South Korean firms are being squeezed in China, in suspected retaliation for Seoul’s deployment of a U.S. missile defence system, highlighting the tools China can deploy to hit back at the corporate interests of trade partners it disagrees with. The chill facing Korea Inc, from cosmetics and supermarket chains to autos and tourism, points to a potential risk for American companies, amid a more confrontational stance taken by new U.S. President Donald Trump.
In China, state media and grassroots political groups have led angry calls to boycott popular Korean products. Photos on social media and local news websites showed crowds vandalising a Hyundai Motor Co car, and some Chinese tourism firms moved to cancel Korean tours.
Beijing is furious over a joint plan by South Korea and the United States to set up the Terminal High Altitude Area Defence (THAAD) missile system in South Korea. Seoul and Washington say it will defend against nuclear-armed North Korean missiles. But Beijing says its far-reaching radar is targeted at China.
The furore echoes protests in 2012 against Japanese firms during a row with Tokyo over disputed islands in the East China Sea. The dispute flared on Monday when Lotte approved a land-swap deal that moved the THAAD system closer to deployment.
On Thursday, Lotte Duty Free, an affiliate of Korean conglomerate Lotte Group, said it had been the target of a suspected Chinese cyber attack. “What’s happening to Korean companies now is a pretty good playbook for what might happen to U.S. firms over the next year,” said Andrew Gilholm, director of analysis for China and North Asia at risk consultancy Control Risks.
“Rather than the big dramatic trade war, everything goes to hell scenario under Trump, it’s probably more likely to be manifested as regulatory harassment of companies – one of the lower intensity tools for China.”
Korean stocks plunged on Friday, hitting cosmetics giant Amorepacific Corp, carmaker Hyundai, and airlines Jeju Air Co Ltd, Korean Air Lines Co Ltd and Asiana Airlines Inc.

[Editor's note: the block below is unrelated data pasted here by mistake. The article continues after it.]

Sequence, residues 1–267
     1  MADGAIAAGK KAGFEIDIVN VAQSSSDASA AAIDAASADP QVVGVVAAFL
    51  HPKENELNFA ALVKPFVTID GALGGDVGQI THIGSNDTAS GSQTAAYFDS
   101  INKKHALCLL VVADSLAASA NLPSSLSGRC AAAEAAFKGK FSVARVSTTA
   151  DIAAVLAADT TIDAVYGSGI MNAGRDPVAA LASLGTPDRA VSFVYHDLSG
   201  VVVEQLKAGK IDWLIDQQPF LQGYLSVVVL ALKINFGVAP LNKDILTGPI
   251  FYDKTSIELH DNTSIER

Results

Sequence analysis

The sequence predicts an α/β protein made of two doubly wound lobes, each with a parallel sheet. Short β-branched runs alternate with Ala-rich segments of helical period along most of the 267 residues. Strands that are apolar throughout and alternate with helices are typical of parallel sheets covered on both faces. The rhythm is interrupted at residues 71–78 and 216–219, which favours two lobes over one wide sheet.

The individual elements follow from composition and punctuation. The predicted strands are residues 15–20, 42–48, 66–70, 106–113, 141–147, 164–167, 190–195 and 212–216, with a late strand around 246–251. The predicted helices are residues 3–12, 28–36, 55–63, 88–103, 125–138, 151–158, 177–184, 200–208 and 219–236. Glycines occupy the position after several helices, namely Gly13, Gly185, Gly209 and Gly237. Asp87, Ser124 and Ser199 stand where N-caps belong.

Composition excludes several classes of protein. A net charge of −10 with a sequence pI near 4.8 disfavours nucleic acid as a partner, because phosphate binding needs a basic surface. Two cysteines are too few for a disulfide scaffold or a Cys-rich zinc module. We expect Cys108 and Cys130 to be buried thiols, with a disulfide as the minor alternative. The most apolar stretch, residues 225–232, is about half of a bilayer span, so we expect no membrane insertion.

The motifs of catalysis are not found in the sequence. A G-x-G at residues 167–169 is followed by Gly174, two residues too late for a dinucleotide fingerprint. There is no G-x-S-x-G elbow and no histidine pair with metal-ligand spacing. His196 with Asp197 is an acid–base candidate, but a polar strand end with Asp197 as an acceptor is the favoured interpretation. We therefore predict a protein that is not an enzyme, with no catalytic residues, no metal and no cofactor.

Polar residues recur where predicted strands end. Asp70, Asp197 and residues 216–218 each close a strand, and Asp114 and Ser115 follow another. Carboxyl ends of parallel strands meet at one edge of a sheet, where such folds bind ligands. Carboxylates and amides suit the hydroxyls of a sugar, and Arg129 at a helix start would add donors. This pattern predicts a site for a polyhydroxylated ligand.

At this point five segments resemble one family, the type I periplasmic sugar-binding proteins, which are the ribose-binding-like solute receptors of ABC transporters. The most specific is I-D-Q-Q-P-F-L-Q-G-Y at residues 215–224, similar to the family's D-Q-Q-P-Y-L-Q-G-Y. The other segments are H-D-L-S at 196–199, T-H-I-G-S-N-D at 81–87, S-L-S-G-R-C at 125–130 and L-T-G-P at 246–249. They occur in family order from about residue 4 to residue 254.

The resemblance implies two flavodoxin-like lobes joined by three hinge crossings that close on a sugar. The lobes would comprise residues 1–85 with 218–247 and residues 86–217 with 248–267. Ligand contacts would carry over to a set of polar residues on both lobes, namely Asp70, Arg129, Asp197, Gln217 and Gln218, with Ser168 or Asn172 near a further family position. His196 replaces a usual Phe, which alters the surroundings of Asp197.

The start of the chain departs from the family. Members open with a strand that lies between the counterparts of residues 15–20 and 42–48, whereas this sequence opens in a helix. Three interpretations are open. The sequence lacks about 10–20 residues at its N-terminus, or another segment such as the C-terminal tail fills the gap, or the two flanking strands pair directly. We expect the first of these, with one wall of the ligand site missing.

Some companies hinted at feeling political pressure to loosen or cut ties with South Korea. Korean media reported China had ordered tour operators in Beijing to stop selling trips to the country.
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Three major Chinese tour operators Reuters spoke to, including China Youth Travel Service, said they were still offering Korean tours. A customer service worker at Tuniu Corp, however, said the firm had stopped providing tours to Korea, citing the THAAD controversy. Tuniu did not respond to requests for comment.
Lotte also said searches for its products had been disrupted on major e-commerce platform JD.com Inc, though it did not directly say this was due to diplomatic tensions. JD.com declined to comment.
The CEO of Chinese retailer Jumei.com posted on his official microblog that his firm would no longer sell Lotte products. The firm did not respond to Reuters requests for comment.
“Some retailers have removed Lotte sales channels over the last week as a result of political pressure,” said a senior China-based retail industry executive, asking not to be named because of the sensitivity of the issues.
The Communist Party Youth League at central and local levels also fanned the flames online, calling for consumers not to buy products including cars, cosmetics and electronics.
“We say ‘no’ to Lotte!” the national-level Communist Youth League wrote in a post on its official microblog page.
‘IT’S BEING COORDINATED’
The consumer backlash followed. The number of posts mentioning Lotte’s Chinese name spiked to nearly 300,000 on Thursday from a normal level of a few thousand.
Photos posted on Chinese social media showed a large group of people surrounding a smashed up Hyundai car covered with black graffiti, prompting alarm over a repeat of issues that have hit faced Japanese carmakers. Other posts circulated online called for a blanket ban on all Korean tours.
China’s tourism administration posted a statement about South Korean “travel tips” on Friday, reminding Chinese holiday-makers “to soberly understand the risks of travelling abroad and carefully choose their travel destinations.”
The administration did not comment on any travel ban.
The normally hawkish state-run tabloid Global Times even struck a note of caution on Friday, warning vandalism of Korean products “won’t win the support of mainstream public opinion”.
However, Gilholm added the wide spectrum of measures taken against South Korea was unusually aggressive and authorities – though staying officially on the sidelines – played a role.
“For it to happen nationwide in such a short space of time it’s clearly been coordinated. You don’t see that being announced or admitted, but it’s being coordinated,” he said.
The Global Times warned last November the United States could face such a coordinated campaign. If Donald Trump triggered a trade war with China, Beijing would then target firms from Boeing to Apple in a “tit-for-tat” approach.
“If Trump wrecks Sino-U.S. trade, a number of U.S. industries will be impaired,” it said in an editorial.